Most IT departments will ditch in-house Internet VPNs in favour of managed IP VPN services by 2007, according to a report published today.
Spending on managed IP VPN services in Western Europe doubled in 2003, and will continue to grow at more than 10 percent annually until 2007, according to IDC. The increase will lead to greater adoption of MPLS (Multi-Protocol Label Switching), which currently accounts for more than half of managed site connections.
“VPNs have taken the managed data market by storm and 2003 was the year of MPLS,” said James Eibisch, a research director with IDC’s IP and Hosting Services division. The ability of MPLS to separate public Internet and private network traffic, while improving reliability and performance, have been critical in driving adoption of IP VPNs, Eibisch added.
Managed services also allow the enterprise to delegate the management of complex networks, said Eibisch. “Migrating some, if not all, of the network to a managed IP VPN lessens the burden considerably and is generally a cost-effective way to rationalise the legacy complexity,” he said.
Potentially, businesses will also be able to use managed IP VPNs to deliver real-time applications for voice and video that wouldn’t be possible over the public Internet. “There’s no SLA [service level agreement] at the application level on the public Internet, so the quality might be okay or it might be awful,” said Eibisch. “A managed service over an MPLS backbone can provide real-time QoS for these apps, as well as low latency performance for CRM and ERP.”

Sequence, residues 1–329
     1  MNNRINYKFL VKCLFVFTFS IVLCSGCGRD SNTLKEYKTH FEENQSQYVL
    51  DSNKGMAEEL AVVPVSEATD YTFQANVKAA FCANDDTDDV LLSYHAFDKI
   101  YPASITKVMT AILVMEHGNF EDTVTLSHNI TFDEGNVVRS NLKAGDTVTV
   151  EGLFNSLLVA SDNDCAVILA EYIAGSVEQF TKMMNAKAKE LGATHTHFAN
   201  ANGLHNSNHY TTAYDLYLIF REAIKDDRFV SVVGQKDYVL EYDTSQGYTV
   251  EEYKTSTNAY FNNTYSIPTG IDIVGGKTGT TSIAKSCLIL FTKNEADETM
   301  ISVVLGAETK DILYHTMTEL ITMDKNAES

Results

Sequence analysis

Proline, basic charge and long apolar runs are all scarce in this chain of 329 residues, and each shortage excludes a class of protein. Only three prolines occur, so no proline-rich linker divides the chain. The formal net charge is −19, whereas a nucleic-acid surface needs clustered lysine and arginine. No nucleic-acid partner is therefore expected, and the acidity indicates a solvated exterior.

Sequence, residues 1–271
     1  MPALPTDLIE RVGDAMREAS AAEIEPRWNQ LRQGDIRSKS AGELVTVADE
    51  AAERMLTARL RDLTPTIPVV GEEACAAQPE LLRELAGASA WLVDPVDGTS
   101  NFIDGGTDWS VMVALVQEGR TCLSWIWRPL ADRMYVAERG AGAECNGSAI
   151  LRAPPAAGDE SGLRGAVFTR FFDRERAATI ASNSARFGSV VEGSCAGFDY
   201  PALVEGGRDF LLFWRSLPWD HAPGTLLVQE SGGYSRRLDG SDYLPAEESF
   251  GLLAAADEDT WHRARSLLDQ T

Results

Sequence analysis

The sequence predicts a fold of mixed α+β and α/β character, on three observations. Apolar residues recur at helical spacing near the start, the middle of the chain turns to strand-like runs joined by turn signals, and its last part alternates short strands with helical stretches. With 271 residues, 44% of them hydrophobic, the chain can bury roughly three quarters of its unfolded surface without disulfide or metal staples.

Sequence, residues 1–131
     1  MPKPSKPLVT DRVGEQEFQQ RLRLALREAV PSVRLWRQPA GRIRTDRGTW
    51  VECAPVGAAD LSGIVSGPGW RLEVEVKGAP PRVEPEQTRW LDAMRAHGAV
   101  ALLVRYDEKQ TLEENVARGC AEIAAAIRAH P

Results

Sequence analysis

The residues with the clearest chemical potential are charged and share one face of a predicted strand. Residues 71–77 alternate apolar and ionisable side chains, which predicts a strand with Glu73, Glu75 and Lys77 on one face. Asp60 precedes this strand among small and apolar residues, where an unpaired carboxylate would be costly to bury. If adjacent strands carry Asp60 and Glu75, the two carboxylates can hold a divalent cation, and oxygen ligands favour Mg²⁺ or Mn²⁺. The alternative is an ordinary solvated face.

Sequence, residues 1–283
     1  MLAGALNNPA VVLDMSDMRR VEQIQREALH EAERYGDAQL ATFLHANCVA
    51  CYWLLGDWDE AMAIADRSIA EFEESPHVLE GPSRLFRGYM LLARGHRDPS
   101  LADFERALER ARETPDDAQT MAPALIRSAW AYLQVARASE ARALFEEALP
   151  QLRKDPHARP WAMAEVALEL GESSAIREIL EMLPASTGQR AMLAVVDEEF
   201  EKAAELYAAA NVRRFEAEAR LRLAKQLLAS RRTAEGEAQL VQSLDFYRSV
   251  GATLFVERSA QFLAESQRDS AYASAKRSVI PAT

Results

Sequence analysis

The report mirrors the experience of VPN suppliers, who are seeing little interest in traditional VPN technology. “If you’re looking for a VPN for converged voice and data then a managed IP VPN is the only realistic option,” said Peter Hankinson, business solutions manager with Your Communications (formerly Norweb). “With the public Internet, you simply can’t guarantee the performance or the security - and those issues are paramount to virtually all the companies we deal with.”
The increased use of managed services is good news for MPLS, which currently accounts for more than half of all managed site connections. The report predicted that the use of IPsec will have declined significantly by 2007, replaced by MPLS and other technologies such as SSL.
However, IDC believes that the IP VPN spending spree will slow down after 2007, returning to annual growth rates of around 5 percent. By that time, most enterprises will have an IP VPN solution in place and will turn their attention to applications such as voice-over-IP and hosted business applications. In addition, the arrival of layer 2 services such as Ethernet will lead to some migration from layer 3 IP services, Eibisch added.